Michael Hann

In praise of goths – the most enduring of pop subcultures

How this grassroots northern scene – laughed at, ignored, dismissed – took over the world

Goth pioneer Peter Murphy performing with his band Bauhaus at the Futurama 3 festival, Stafford, in 1981. Credit: Steve Rapport/Getty Images

More than 40 years on, every town still has them, wandering the streets with pale skin, more make-up than you can find in Superdrug, swathed in acres of black fabric. Goths, rather unexpectedly, have turned out to be the great survivors among pop subcultures. Others have risen and faded, but the goths – laughed at, ignored, dismissed – have endured, seeing their style and their musical tastes slowly incorporated by everyone else (there’s even a goth version of hip-hop, known as ‘horrorcore’).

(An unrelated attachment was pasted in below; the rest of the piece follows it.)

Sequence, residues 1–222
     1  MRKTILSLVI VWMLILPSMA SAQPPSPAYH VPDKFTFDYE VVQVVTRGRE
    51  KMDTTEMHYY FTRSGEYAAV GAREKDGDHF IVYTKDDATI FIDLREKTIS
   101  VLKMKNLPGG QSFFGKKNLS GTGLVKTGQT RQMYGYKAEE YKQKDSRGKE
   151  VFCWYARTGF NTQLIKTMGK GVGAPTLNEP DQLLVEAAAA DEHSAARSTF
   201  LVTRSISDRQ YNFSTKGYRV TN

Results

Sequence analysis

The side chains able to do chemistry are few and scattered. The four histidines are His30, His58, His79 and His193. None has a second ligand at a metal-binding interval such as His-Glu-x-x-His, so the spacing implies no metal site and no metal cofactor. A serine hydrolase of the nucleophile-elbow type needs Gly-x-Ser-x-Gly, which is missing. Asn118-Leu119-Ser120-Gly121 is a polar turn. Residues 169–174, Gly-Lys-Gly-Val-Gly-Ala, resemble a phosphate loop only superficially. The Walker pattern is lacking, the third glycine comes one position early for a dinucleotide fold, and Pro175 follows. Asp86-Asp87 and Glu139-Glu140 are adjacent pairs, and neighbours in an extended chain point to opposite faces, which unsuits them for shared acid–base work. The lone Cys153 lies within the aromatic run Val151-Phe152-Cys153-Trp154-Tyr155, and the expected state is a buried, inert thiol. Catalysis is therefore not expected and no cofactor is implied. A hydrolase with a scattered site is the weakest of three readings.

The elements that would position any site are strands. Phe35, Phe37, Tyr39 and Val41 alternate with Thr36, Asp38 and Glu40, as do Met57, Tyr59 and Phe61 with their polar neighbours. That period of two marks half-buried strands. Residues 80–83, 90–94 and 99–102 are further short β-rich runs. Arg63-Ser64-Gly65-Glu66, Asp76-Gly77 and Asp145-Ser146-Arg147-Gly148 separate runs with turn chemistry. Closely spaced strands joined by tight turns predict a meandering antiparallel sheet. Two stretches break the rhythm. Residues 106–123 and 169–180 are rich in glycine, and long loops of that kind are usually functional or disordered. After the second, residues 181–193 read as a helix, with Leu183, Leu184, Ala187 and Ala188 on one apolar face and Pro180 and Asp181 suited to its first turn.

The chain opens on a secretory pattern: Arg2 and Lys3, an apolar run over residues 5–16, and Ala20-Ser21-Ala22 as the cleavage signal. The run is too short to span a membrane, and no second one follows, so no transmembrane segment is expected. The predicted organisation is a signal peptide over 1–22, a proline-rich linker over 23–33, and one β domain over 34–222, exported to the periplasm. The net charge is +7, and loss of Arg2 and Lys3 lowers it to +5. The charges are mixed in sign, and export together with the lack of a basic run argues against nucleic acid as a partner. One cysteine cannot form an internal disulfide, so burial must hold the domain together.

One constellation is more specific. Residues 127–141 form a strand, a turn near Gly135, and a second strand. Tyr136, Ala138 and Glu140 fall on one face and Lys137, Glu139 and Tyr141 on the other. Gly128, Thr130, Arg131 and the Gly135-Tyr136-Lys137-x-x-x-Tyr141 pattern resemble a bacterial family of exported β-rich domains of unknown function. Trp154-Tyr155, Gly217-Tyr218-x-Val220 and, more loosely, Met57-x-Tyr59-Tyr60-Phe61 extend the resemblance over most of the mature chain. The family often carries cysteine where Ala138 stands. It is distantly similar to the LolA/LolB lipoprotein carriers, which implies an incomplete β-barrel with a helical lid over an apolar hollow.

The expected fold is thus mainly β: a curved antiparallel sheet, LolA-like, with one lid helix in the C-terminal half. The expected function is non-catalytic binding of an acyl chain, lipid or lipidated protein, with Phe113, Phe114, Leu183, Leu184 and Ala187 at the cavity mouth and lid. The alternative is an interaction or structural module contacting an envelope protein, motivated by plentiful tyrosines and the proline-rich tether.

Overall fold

Goth was a fitting name for the music: overbearing and foreboding; delivering ecstasy through the building and releasing of tension rather than through major chords and primary colours; drawing on punk, Bowie, the Doors and the Stooges. But it wouldn’t have been called goth without the aesthetic, a see-what-sticks mélange of the sexy and dangerous – a bit of Byron, De Sade and Crowley, a dollop of the kitsch 1950s LA celebrity Vampira, and anything else that came to hand.

Others have risen and faded, but the goths – laughed at, ignored, dismissed – have endured

The idea that this music was gothic was there from the beginning – in 1980, NME described the first album by goth heroes Bauhaus as ‘Gothick-Romantic pseudo decadence’ – but it only became a catch-all for every band with back-combed black hair during 1983 and 1984 (the NME had tried naming the nascent scene ‘positive punk’ but it didn’t catch on). Since then, though, only historians have thought of goths as anything other than people with a love of kohl and snakebite and black.

But this year they’ve been dragged from the dark corners into the spotlight. There’s a new box set, Young Limbs Rise Again: The Story of the Batcave 1982–1985, compiled of music played at the Soho club night that was instrumental in spreading the word of the subculture.

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